Jump to Content Jump to Main Navigation

Part VI Human Rights and General International Law, Ch.33 Transnational Litigation: Jurisdiction and Immunities

Chimène I Keitner

From: The Oxford Handbook of International Human Rights Law

Edited By: Dinah Shelton

From: Oxford Public International Law (http://opil.ouplaw.com). (c) Oxford University Press, 2015. All Rights Reserved.date: 05 December 2020

Subject(s):
Immunity from jurisdiction, ratione personae — Immunity from jurisdiction, ratione materiae — Diplomatic immunity — Immunity from jurisdiction, absolute — Acta jure imperii — Acta jure gestionis — Jurisdiction of states, prescriptive — Jurisdiction of states, adjudicative — Jurisdiction of states, enforcement

This article examines the issues of jurisdiction and immunities in transnational human rights litigation. It discusses the bases of asserting jurisdiction and highlights the problem in achieving consensus about the rules governing foreign official immunity. It analyses several relevant court cases including claims against foreign states, against current or former foreign officials and against non-state actors. This article argues that the horizontal enforcement of human rights norms by national courts carries the potential for both salutary and disruptive effects. It explains that while it can provide an avenue for victims of human rights abuses to obtain redress for their injuries, it can also interfere with the conduct of foreign relations with states that do not recognize the validity of national proceedings.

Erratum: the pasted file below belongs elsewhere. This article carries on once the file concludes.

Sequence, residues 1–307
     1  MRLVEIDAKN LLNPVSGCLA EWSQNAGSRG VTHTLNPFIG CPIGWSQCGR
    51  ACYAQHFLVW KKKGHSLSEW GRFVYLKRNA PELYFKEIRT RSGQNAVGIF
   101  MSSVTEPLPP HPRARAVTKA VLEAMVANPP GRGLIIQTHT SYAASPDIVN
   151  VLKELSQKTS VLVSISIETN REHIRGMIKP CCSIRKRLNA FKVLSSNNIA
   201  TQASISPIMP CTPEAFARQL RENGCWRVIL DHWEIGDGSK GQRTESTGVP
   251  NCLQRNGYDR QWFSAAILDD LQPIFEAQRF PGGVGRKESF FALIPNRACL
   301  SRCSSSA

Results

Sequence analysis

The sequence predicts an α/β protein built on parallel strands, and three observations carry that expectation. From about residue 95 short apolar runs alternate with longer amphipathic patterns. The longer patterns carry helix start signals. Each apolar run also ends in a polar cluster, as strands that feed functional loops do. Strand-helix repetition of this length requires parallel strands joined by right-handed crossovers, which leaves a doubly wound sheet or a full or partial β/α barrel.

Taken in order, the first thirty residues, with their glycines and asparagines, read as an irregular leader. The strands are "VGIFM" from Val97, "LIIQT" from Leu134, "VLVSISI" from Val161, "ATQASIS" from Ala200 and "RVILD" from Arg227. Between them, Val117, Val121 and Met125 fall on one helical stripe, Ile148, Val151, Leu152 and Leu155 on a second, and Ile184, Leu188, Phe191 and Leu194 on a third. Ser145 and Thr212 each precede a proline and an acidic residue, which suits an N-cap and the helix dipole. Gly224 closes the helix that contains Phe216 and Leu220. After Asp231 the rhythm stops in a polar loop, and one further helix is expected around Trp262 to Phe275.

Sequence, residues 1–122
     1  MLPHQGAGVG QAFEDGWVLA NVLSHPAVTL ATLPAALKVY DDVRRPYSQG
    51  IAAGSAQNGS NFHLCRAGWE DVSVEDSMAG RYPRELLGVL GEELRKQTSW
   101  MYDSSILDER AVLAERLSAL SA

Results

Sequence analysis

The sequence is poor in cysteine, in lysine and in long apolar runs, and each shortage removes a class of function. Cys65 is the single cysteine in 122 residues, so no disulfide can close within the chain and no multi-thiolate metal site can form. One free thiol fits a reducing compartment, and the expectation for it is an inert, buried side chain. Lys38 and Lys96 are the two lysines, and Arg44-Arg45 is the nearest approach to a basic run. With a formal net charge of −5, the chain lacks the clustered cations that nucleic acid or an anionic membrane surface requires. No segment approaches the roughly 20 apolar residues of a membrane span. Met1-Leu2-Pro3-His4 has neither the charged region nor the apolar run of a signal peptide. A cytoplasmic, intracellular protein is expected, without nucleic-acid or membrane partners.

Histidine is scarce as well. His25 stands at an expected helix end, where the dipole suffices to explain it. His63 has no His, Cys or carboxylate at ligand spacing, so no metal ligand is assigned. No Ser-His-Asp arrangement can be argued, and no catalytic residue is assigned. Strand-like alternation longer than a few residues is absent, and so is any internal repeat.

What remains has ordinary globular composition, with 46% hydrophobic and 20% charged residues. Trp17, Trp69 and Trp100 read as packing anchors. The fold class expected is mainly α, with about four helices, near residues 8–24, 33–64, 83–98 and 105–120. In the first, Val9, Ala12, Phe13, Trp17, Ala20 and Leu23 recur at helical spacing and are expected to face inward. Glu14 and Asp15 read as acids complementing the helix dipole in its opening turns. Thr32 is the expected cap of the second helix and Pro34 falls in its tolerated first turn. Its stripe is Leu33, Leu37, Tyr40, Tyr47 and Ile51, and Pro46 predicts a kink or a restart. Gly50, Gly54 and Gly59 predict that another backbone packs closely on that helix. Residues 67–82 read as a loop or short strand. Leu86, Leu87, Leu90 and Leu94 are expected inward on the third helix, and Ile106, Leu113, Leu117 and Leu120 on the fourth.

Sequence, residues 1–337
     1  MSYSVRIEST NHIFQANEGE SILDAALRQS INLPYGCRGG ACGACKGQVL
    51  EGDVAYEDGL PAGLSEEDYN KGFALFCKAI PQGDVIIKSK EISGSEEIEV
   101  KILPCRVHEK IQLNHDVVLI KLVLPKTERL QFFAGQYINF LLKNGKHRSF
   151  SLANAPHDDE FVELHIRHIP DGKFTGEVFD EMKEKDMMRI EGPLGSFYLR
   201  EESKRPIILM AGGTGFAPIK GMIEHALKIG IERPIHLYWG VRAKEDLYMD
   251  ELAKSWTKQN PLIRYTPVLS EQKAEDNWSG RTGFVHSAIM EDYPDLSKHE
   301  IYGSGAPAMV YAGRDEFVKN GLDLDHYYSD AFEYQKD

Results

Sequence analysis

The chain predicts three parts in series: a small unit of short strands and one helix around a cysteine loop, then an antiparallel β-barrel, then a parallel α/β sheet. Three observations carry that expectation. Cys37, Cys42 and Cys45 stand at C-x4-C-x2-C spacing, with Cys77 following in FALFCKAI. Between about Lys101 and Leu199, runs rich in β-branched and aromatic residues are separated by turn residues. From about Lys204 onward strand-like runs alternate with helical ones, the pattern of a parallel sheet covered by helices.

Users without a subscription are not able to see the full content. Please, subscribe or login to access all content.